Recently I've been running into brick walls with mixing distorted rhythm guitars. It seems that whatever I do the tone is either indistinct/muddy, fizzy, wimpy or over-processed.

Approaches tried (and failed):

  • Mixing in mono - I generally swear by this technique and it works well enough - for other instruments,
  • Sweep-and-cut - good for finding nasty resonant noise, but I find myself in a situation where applying a narrow notch gets rid of the resonance but makes the entire tone sound squashed, flat and generally over-processed, while getting rid of it means I'm suddenly hearing the resonant dirt twice as loud as before,
  • Dialing back the distortion - I'm aware that too much distortion washes out over all frequencies and kills the articulation of both the guitars and everything else, but cleaning up leads to a wimpy sound - not at all what I'm after,
  • Reamping - instead of getting one displeasing tone, I seem to end up with tens to choose from, none of which sound better than what I started with. To clarify, I am recording a completely unprocessed signal for this purpose.

Note: I am EQing in the mix at all times.

I suspect the fact that I'm playing in C# slack tuning is an issue - but an unavoidable one, given the material.

"Have a great tone coming in and do minimal EQ" is not really an answer, because if I did, I wouldn't be asking this question. Right now, the best I can do is sorta-kinda get what I want, hoping to chisel it into something that works in the mix.

I'm not looking for a canned solution along the lines of "this curve is quaranteed to work", because I know they don't exist. Rather, I would like to know whether there's a better way than trial-and-(mostly) error.

  • It isn't entirely clear if your "reamping" bullet point implies that in all cases listed you are recording dry signal and then applying distortion. If that is the case, then when you mention ducking EQ etc, is this before or after (both?) distortion? Also, do you have access to a piezo setup where the soundbox resonance will not be so prominent?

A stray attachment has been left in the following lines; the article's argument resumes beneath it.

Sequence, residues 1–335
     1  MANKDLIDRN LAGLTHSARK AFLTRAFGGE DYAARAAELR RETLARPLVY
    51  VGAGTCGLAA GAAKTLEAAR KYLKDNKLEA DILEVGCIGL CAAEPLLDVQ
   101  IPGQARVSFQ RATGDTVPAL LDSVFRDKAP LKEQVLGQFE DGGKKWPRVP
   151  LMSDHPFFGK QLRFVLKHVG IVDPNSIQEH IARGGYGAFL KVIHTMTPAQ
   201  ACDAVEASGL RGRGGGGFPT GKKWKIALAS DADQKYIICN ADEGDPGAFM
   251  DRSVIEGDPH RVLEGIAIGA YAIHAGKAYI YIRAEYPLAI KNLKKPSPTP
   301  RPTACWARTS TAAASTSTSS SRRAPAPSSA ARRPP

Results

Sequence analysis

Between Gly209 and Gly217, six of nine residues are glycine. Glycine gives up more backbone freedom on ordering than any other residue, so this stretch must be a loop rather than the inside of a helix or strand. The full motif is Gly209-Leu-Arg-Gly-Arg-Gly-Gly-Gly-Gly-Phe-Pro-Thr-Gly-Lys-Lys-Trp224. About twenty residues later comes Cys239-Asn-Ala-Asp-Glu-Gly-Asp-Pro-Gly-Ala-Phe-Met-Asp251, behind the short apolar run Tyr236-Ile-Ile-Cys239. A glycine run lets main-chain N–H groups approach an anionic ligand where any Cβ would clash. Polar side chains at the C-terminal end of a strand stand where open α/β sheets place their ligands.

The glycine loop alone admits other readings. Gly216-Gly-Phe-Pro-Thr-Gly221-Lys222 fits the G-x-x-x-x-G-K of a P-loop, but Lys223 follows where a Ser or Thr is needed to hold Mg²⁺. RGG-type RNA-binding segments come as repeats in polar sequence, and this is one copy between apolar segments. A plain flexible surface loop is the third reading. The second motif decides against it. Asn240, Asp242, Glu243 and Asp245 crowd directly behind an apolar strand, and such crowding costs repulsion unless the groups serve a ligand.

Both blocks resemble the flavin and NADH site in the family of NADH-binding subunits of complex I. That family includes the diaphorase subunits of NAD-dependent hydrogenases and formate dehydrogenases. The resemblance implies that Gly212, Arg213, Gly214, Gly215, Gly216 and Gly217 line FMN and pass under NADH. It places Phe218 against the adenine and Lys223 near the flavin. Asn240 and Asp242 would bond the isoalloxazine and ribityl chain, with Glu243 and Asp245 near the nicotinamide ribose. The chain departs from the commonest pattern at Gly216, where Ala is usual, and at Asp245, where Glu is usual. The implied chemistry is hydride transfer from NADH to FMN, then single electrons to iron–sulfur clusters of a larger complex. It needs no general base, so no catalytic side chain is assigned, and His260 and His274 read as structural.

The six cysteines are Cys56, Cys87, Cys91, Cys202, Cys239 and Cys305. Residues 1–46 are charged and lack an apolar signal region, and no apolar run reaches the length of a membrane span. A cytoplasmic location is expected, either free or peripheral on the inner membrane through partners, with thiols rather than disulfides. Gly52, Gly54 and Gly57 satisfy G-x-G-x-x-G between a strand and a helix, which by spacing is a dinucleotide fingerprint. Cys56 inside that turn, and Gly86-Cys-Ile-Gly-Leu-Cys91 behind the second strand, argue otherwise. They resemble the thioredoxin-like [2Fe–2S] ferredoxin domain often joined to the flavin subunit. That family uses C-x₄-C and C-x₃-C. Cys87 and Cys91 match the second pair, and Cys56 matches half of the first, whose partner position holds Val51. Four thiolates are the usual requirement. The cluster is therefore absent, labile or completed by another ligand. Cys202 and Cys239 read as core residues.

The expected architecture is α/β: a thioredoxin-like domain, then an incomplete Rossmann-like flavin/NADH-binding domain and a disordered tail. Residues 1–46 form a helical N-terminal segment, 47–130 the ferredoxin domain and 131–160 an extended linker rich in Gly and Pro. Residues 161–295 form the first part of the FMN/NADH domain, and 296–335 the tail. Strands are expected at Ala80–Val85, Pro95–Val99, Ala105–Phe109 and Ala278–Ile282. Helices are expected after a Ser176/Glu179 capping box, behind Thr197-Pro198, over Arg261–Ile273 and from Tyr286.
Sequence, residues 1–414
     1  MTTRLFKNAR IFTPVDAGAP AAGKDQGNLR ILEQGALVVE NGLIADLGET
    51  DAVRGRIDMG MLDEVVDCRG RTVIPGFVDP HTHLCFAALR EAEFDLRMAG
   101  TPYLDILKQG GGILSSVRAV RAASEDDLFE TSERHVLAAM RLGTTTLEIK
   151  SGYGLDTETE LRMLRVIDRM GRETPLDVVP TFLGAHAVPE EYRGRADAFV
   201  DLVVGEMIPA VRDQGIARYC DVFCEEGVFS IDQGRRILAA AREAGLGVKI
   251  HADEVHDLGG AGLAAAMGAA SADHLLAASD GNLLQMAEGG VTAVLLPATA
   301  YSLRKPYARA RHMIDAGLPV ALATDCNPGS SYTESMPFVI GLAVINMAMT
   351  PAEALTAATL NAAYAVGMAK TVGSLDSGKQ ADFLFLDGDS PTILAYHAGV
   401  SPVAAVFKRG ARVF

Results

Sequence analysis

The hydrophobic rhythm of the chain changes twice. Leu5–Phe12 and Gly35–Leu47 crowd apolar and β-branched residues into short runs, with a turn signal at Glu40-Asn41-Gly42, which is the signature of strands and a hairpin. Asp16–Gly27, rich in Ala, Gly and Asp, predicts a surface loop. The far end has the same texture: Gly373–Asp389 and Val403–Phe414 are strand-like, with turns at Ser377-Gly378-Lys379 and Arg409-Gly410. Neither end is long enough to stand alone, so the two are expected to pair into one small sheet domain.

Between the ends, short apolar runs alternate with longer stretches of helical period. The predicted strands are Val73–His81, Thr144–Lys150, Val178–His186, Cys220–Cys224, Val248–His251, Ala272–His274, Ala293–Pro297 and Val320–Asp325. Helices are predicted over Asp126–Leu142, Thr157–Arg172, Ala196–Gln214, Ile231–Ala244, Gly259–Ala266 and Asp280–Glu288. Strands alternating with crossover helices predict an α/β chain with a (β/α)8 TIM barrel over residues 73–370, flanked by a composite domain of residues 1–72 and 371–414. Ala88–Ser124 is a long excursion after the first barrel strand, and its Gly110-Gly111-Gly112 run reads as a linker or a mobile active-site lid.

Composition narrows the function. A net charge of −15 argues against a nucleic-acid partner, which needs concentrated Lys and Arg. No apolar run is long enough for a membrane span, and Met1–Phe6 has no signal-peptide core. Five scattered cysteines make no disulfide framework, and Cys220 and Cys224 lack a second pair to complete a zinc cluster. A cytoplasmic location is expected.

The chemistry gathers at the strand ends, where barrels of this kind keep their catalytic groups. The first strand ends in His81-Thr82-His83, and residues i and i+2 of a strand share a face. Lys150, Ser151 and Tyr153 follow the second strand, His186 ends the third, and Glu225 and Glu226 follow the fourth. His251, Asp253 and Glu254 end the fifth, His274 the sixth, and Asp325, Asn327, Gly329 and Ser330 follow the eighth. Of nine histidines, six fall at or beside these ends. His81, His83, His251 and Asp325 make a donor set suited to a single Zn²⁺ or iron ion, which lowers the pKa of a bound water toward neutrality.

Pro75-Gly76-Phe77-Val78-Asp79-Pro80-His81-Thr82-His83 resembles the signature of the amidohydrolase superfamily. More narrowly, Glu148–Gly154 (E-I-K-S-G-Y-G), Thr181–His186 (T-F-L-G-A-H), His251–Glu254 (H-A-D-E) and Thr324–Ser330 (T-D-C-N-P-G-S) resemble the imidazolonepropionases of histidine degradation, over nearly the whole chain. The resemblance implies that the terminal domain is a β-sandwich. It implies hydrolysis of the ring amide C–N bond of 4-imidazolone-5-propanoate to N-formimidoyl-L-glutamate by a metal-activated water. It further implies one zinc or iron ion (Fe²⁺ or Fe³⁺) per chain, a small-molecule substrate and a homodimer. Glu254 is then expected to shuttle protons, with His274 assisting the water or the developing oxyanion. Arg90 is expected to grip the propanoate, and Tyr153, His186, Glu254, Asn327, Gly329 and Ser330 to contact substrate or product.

– Yorik
    Sep 26, 2017 at 20:52
  • Afaik your second to last paragraph is the way of the world. Get it close during recording or you're going to be carving for hours and still not be happy. Note that you can't EQ in isolation. The EQ should serve the mix, not the guitar sound. The bigger the mix, the worse the different tracks usually sound when soloed. Sep 26, 2017 at 22:36
  • @Yorik Edited to clarify. Soundbox resonance isn't the issue, because it's a solid body.
    – user321
    Sep 27, 2017 at 4:35
  • @ToddWilcox Oh, I am EQing in the mix (added note to that effect). As for getting a good sound when recording: doesn't that simply push the matter back a step? I'm already reamping, so in practice I am dialing the tone while mixing. An approach to setting up such a good sound would be an answer - given that amp/effect setup and mic placement is EQ, in a way. Otherwise, I'm stuck with "if you have a good sound that works in the mix you won't have to adjust it any more". I know that. It isn't very helpful.
    – user321
    Sep 27, 2017 at 4:41
  • Perhaps if you can post a sample of the whole mix we could give specific advice. Since each mix is different, how could anyone possibly know what your mix needs on any instrument? In terms of getting a good sound going in, that takes years of experience and practice, IME. An approach might be, decide the order of importance of each instrument, make the most important one big and tall, and make each less important one progressively smaller. Usually only a couple tracks can have a lot of low end. The more other tracks the less low end they can have. Sep 27, 2017 at 11:08

1 Answer 1


C♯ slacktuning will be a contributor to the problem: for rhythm guitar rather than lead guitar, distortion can only be applied quite moderately or the chords get muddied out. Instead of an actual distortion pedal, one rather tends to use the right pickups (close to bridge) in order to get "hard" harmonics to start with and then puts in a modestly amount of distortion via the amp.

Slack tuning cuts down considerably on the harmonic content particularly of the attack. Maybe EQ a larger amount of high frequencies back in before applying distortion? Or even split off high frequencies and amplify/distort only them? Or try other schemes of band-specific distortion (which muddies the chord relations less than global distortion)?

  • +1 This does reflect my experiences to date and the pre-distortion EQ/crossover distortion techniques look very interesting.
    – user321
    Sep 27, 2017 at 4:45

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